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Help a nerd spell her French-language text tattoo correctly, please!
July 5, 2012 6:15 PM   Subscribe

French language nerd wanted! Help a nerd spell her French-language text tattoo correctly, please.

"Vivre sans temps mort et jouir sans entrave" (Live without wasted time and enjoy without hindrance) is the old May 1968 Parisian protest slogan.

In the the version above, the verbs are in the infinitive form. Why? Shouldn't it be "Vivez sans temps mort at jouissez sans entrave"?

And while we're at it, shouldn't it be "temps morts"?

I'm looking for natural, correct use of French, respecting historical context. I'm a nerd and I want my tattoo to be right.

Your thoughts?
posted by Jennifer S. to Writing & Language (10 answers total) 2 users marked this as a favorite
 
Directly translated, it's more "To live without wasted time and to enjoy without hindrance", almost like a toast or a motto rather than an imperative. To me, that's a good thing—it doesn't have the preachiness of the imperative.

Moreover, I think if you want to respect the historical context, you have to use the infinitive forms rather than some sort of hyper-correct back-translation from the English. But I'm not French, so caveat emptor.
posted by The Michael The at 6:27 PM on July 5, 2012 [1 favorite]


I wish there were an edit button. I think the part of your statement that matters most is:

I want my tattoo to be right.

What does "right" mean here? That you want the tattoo to match the historical variant of the phrase? Or that you want it to command people to do those things? Either is, to my poorly-trained eye, "correct" French, so you need to decide what "right" means to you.

And please, this is a tattoo, so get at least a few more opinions than mine. I'm poorly conversant and barely literate in French.
posted by The Michael The at 6:32 PM on July 5, 2012


If you use the 2nd person (vivez) rather than the infinitive, it makes it sound like it is something you are telling other people to do. By using the infinitive, it sounds like something you're adopting as a principle.

Regarding singular vs plural: the implicit meaning is:

Vivre sans aucun temps mort et jouir sans aucune entrave - aucun(e) meaning none, which is certainly not plural!
posted by aroberge at 6:34 PM on July 5, 2012


No. The Verbs should be in the infinitive form.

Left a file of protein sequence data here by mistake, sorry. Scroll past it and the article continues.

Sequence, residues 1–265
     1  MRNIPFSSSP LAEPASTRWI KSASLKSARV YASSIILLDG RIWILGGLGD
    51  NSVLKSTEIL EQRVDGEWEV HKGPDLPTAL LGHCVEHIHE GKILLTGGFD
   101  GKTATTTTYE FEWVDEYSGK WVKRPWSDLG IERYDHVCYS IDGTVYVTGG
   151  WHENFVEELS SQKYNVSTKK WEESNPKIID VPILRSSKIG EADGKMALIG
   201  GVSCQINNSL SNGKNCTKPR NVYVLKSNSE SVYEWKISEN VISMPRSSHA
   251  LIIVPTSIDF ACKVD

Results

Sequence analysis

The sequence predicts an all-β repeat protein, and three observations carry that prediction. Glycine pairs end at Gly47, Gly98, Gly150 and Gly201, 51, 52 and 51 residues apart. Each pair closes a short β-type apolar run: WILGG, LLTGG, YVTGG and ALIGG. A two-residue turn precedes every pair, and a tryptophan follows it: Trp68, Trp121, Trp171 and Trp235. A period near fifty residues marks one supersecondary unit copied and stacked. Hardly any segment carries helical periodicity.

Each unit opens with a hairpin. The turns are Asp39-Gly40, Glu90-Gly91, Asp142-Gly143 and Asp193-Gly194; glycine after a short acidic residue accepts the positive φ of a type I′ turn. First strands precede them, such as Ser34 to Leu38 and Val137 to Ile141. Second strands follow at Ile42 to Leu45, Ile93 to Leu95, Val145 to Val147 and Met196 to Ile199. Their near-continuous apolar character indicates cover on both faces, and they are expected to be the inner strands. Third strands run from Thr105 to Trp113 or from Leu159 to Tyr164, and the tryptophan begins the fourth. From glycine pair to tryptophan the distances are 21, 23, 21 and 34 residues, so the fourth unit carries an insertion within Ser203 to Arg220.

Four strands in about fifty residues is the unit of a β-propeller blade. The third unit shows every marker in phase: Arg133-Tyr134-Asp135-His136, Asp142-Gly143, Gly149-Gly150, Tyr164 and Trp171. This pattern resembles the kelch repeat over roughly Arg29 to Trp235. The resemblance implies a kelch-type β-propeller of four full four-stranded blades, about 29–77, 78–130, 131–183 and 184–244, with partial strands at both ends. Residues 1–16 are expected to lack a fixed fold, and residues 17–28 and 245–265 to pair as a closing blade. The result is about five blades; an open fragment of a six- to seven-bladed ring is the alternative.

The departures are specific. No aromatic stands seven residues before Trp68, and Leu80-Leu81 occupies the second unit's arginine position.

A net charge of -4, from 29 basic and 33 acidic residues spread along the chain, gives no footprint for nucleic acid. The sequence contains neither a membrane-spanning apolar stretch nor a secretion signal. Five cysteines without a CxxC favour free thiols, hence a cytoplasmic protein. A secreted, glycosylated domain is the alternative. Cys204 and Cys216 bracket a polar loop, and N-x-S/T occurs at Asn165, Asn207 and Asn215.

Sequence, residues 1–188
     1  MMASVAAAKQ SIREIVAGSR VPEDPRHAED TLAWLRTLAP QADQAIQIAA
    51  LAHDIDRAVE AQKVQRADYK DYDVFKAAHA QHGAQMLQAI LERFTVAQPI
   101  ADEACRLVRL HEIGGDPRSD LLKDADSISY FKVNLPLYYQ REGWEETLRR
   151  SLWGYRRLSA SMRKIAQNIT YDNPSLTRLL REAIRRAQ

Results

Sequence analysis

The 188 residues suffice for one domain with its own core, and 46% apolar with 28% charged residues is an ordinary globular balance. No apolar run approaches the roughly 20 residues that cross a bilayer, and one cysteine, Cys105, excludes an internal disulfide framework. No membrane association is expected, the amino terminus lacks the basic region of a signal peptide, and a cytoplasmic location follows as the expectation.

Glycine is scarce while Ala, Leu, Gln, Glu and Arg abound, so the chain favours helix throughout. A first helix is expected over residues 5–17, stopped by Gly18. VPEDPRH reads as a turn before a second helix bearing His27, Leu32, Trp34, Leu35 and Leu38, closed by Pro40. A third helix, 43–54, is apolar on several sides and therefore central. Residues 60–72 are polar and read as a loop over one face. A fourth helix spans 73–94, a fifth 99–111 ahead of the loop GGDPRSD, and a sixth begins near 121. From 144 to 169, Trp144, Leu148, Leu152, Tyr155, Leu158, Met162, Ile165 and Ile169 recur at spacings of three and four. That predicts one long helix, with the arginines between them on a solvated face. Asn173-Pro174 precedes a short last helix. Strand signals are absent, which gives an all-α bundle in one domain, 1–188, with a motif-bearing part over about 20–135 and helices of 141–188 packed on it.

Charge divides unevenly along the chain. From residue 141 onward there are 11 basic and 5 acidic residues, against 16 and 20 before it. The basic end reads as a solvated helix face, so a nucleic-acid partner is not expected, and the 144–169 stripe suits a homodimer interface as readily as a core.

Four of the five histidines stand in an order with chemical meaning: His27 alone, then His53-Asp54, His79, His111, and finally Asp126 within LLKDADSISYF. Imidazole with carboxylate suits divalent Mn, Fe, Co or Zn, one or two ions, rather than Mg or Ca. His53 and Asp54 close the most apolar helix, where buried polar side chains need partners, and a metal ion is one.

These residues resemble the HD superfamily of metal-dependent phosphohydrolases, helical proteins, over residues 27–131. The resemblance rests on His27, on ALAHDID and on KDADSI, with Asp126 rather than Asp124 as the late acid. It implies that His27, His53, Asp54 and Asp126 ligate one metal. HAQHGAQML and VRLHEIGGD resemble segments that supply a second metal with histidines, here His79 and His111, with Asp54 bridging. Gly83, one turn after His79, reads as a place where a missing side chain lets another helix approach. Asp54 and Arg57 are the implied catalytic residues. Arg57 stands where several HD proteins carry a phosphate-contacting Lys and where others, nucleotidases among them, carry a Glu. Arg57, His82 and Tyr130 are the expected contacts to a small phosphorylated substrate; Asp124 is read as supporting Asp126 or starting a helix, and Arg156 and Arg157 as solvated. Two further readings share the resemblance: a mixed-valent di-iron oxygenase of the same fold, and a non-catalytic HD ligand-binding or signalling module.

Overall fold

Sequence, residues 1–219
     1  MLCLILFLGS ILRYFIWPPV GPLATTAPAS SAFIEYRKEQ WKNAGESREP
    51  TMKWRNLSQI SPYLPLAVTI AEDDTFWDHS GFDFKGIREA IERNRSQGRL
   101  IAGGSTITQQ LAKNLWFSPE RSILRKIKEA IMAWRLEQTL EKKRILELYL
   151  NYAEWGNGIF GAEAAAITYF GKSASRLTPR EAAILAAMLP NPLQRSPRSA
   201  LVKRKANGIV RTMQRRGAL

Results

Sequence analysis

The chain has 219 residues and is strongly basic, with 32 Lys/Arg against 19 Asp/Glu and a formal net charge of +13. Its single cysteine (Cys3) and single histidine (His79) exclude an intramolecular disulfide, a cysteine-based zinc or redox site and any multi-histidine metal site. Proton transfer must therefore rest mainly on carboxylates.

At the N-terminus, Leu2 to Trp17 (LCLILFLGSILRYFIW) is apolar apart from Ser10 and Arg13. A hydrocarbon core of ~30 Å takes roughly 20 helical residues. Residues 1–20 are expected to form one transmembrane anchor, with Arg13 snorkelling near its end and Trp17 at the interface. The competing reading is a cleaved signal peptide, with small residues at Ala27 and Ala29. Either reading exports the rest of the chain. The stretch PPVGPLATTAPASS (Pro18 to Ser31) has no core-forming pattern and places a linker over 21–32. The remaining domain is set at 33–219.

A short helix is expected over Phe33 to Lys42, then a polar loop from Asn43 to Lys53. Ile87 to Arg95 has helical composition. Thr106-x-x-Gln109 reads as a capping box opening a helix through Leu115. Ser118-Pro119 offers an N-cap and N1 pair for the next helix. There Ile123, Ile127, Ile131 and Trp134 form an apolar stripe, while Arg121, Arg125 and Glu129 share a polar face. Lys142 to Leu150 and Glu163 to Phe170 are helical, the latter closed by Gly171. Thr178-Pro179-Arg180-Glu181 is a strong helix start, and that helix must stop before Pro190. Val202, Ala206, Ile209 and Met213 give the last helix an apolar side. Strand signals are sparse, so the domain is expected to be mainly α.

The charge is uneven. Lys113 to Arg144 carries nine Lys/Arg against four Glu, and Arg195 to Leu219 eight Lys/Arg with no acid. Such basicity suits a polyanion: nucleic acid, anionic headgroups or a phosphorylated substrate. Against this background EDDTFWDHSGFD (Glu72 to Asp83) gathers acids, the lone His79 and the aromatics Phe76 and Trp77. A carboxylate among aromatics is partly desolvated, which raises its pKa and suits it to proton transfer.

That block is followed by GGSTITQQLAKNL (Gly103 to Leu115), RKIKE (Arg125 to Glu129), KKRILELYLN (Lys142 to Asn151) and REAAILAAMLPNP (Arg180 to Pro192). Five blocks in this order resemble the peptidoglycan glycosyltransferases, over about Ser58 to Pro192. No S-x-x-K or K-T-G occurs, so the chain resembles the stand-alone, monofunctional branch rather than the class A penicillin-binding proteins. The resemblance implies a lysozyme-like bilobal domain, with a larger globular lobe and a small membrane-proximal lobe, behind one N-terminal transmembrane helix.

The infinitive is like the subject - the action takes a universal and definitional feel.

Dictionaries use this form: "Know: v. 1. To perceive directly. 2. To regard."

The infinitive form is like: that is what it means, that's what it is all about - that is truth.

To be or not to be.
To forgive is heavenly, to forget is divine.

I like the infinitive form - it has more weight to it, more universality.
(And it is the original quote)
posted by Flood at 6:43 PM on July 5, 2012 [1 favorite]


Agree with Flood.

Also, 'temps' is singular ('le temps'), therefore the adjective remains in the singular.
posted by Dragonness at 6:46 PM on July 5, 2012 [1 favorite]


Yes, the infinitive form. For example, recall this similar adage from the philosopher Conan: "To crush your enemies, see them driven before you, and to hear the lamentation of their women."
posted by exogenous at 7:06 PM on July 5, 2012 [3 favorites]


(Advanced student of the language and not a native speaker here:) Using the infinitive is just the way things are said - for instance when you give directions you say "aller quelque part, faire quelque chose," etc. Intuitively it feels like.. as a slogan it is a thing that is done, it's a concept or state of being, rather than an order to someone to do something - using the conjugated form "allez" or "faites" would be giving someone an order, which is kind of direct and kind of rude. It's "to live" rather than "you must live" and by the way, "jouir" is often used in a rather different context. Google it before tattooing it on yourself maybe.

"Temps mort" is correct as "time" is singular therefore the corresponding adjective is singular.
posted by citron at 7:31 PM on July 5, 2012 [3 favorites]


The spelling and grammar of the original are correct. "sans aucun" is redundant. You really do not need those "aucun"s in there.

Jouir is used, not to put too fine a point on it, for orgasm. Yes, it has other meanings, but that one may twist the motto into a sense you didn't quite mean.

I'm pretty sure the 1968 people meant that too.
posted by zadcat at 7:55 PM on July 5, 2012 [1 favorite]


I think another question is whether it should be "entrave" or "entraves". Some quick Googling finds that both exist. See this graffitti or this article from slate.fr (!) for the plural. I haven't been able yet to find official contemporaneous citations of the slogan to check how it was actually being used in 1968.

Also, it appears that "jouir sans entrave(s)" may exist as a phrase/saying in its own right (apart from "vivre sans temps mort"), often referencing matters explicitly sexual (e.g.: this blurb from the author of the book A History of Rape or this article about sexual mores and prostitution).
posted by mhum at 8:25 PM on July 5, 2012


Vivre sans temps mort et jouir sans entrave.

Works with "entraves" or entrave". Both are grammatically correct.
I was born and raised in France and I was 20 in 1968 (OMG!). zadcat is right on all points, but as a statement, the motto covers all meanings of the word "jouir".
posted by bru at 8:35 PM on July 5, 2012 [5 favorites]


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